Should Town Councilors be members of multi-member government bodies that are not subcommittees of the Council? That question took up the bulk of the meeting of the Council’s Government, Organization, and Legislation Committee (GOL) on July 29. A recording of that meeting can be viewed here.
The question had originally been posed by Town Councilor Mandi Jo Hanneke (at large) concerning the membership of Councilors Darcy DuMont (District 5) and Sarah Swartz (District 1) on the town’s Energy and Climate Action Committee (ECAC). ECAC is a hybrid committee, the membership of which is composed of both residents (7) appointed by the town manager and members of the town council (2). The town’s Elementary School Building Committee, also appointed by the town manager, has two voting members who are members of the council.
Hanneke has long objected to the existence of hybrid committees, arguing that they give the councilors who sit on those committees an unfair influence in committee and council deliberations. She has asked, previously, why ECAC should be different from any other town committee. Hanneke raised these issues at the council meeting of July 12 and the council then referred the matter to GOL (of which Hanneke is a member) for a recommendation. GOL subsequently received memos from Town Manager Paul Bockelman and from ECAC Chair Laura Draucker, supporting the removal for councilors from ECAC membership. Bockelman’s memo was not available at the time of this writing. Drauker’s memo can be found here. Draucker did not necessarily object to the membership of councilors on the committee in principle but argued that more precise guidelines were necessary for such service to continue. And she raised several objections to the conduct of the two current representatives of the council.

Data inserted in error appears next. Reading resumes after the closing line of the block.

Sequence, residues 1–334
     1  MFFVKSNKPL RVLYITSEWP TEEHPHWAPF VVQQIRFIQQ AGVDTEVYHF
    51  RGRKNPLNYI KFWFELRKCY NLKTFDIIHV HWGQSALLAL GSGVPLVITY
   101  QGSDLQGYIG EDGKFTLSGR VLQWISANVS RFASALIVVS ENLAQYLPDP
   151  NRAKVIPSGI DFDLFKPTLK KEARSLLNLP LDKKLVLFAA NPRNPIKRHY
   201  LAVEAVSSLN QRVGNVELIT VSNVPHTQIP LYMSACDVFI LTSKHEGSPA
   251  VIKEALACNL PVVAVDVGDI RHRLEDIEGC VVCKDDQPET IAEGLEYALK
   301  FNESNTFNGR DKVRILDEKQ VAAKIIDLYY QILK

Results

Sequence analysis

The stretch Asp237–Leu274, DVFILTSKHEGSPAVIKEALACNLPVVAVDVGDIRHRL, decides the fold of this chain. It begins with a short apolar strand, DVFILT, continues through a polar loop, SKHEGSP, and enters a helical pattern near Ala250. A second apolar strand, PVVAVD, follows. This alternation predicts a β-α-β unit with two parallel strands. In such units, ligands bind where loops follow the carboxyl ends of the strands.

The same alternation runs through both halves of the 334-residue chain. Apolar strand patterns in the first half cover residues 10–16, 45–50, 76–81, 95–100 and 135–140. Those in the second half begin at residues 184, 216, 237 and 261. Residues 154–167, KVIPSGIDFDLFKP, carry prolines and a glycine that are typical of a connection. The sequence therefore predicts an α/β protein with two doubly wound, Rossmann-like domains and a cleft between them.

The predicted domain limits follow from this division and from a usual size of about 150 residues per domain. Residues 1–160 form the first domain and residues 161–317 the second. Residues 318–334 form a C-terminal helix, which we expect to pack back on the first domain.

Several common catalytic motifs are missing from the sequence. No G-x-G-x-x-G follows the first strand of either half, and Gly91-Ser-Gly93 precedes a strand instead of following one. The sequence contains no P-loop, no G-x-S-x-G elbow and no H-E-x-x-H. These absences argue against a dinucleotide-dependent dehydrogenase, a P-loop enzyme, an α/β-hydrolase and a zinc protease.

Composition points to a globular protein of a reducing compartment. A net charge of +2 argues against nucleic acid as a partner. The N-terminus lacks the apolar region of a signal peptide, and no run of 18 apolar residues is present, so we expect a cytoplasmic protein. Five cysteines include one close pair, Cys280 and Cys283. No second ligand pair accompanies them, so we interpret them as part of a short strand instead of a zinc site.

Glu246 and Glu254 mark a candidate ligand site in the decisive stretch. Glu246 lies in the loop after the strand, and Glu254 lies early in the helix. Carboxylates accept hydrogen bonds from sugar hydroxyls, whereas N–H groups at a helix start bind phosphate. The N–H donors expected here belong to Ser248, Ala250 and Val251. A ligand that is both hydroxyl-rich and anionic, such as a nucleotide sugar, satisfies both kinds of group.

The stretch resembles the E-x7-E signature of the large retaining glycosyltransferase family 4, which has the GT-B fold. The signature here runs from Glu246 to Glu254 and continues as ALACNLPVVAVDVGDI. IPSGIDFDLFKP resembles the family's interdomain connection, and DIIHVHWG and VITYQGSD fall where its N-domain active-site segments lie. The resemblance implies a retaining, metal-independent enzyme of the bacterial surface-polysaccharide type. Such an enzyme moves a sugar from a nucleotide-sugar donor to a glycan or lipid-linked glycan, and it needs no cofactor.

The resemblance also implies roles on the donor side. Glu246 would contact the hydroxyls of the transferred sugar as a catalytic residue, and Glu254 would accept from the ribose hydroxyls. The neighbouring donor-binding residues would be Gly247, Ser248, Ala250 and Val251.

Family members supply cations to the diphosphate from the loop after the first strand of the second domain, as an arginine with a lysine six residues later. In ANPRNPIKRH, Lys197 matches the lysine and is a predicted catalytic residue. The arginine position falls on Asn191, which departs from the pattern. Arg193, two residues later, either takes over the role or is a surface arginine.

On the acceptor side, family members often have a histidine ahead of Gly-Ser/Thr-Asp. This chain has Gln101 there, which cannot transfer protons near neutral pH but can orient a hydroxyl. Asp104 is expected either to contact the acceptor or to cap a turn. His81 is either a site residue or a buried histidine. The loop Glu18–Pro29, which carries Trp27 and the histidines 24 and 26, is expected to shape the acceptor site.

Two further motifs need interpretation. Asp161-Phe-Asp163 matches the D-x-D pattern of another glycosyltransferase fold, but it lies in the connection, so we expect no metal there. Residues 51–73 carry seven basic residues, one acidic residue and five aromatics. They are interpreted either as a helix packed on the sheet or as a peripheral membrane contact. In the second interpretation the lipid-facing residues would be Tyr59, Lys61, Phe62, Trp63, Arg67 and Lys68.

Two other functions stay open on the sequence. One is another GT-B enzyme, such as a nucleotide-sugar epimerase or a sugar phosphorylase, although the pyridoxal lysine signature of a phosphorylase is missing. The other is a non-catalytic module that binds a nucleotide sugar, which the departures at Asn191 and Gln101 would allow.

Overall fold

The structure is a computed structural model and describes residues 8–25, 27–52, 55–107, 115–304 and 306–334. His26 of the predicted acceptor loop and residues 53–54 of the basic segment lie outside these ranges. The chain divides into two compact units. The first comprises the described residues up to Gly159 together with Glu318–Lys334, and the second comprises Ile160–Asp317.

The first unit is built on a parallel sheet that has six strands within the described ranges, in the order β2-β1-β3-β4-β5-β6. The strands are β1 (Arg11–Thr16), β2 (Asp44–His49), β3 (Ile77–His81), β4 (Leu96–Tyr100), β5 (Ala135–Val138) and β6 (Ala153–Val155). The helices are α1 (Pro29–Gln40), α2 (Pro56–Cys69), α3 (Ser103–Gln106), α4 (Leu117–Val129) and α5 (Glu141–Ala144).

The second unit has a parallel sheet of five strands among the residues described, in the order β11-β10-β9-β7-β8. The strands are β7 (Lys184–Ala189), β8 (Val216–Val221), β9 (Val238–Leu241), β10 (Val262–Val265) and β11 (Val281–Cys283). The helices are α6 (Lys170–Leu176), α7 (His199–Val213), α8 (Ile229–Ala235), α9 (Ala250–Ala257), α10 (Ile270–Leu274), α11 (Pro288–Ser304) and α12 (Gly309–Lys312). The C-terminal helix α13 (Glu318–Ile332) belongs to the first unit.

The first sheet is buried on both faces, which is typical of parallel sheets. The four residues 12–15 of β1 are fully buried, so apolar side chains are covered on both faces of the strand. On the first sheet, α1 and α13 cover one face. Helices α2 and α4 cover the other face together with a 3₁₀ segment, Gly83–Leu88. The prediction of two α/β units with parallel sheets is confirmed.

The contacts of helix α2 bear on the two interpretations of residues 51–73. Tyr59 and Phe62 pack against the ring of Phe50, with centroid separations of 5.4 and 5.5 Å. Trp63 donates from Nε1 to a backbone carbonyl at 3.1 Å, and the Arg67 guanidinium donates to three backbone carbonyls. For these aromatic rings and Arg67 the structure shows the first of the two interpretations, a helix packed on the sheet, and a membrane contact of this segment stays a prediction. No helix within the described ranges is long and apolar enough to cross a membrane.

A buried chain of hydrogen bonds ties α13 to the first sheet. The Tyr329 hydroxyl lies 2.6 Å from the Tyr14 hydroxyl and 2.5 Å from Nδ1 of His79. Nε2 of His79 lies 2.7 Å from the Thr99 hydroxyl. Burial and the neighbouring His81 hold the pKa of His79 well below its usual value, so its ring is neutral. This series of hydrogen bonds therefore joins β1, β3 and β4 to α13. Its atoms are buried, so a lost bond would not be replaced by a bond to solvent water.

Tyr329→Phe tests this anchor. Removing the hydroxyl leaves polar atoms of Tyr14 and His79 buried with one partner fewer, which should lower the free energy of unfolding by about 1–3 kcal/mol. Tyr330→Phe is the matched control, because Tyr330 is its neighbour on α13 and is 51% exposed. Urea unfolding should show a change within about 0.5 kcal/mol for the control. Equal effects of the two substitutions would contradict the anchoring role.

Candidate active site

After considerable discussion, GOL voted 4-1 with DuMont dissenting, to recommend that the council adopt the following changes to the charge of the ECAC.
- That town councilors no longer serve as members of the ECAC effective January 3, 2022, which is the scheduled date for the first meeting of the newly-elected council.
- That the number of resident member of the ECAC may be expanded from seven to nine members after January 3, 2022, but that expansion is not required.
- That Councilor Darcy DuMont continue to serve as the council’s representative on the ECAC until January 3, 2022.
- That Councilor Sarah Swartz’s efforts to resign from the ECAC dating back more than a year and a half be honored (see below) and that the question of whether her vacancy is to be filled be raised with the Council President.
Hanneke, in her opening statement, listed the following arguments for eliminating hybrid committees:
- Council has made a commitment to diminishing the considerable workload of councilors. Hybrids, which require substantially more work on the part of councilor members than of liaisons, increase that workload.
- Councilor members on ECAC have unreasonable and unequal weight in ECAC deliberations and have the chance to vote on climate action goals before the issues ever come before the council.
- Councilor members can have undue influence over resident members and may be intimidating because of their more powerful and influential positions in town government.
- All town committees ought to have the same process and structure and making an exception for ECAC could be confusing and ineffective.
DuMont stated that she did not understand why this issue was being raised now and made the following points in response to Hanneke and in support of her remaining in her position on the committee:
- The town council purposefully put forward and voted for a charge for ECAC, adopting a composition that includes both branches of government in order to give the committee a special status in deference to the seriousness of the current climate emergency. The thought was that if the two branches of town government were represented on the committee that it gave it more stature and enhanced its likelihood of success.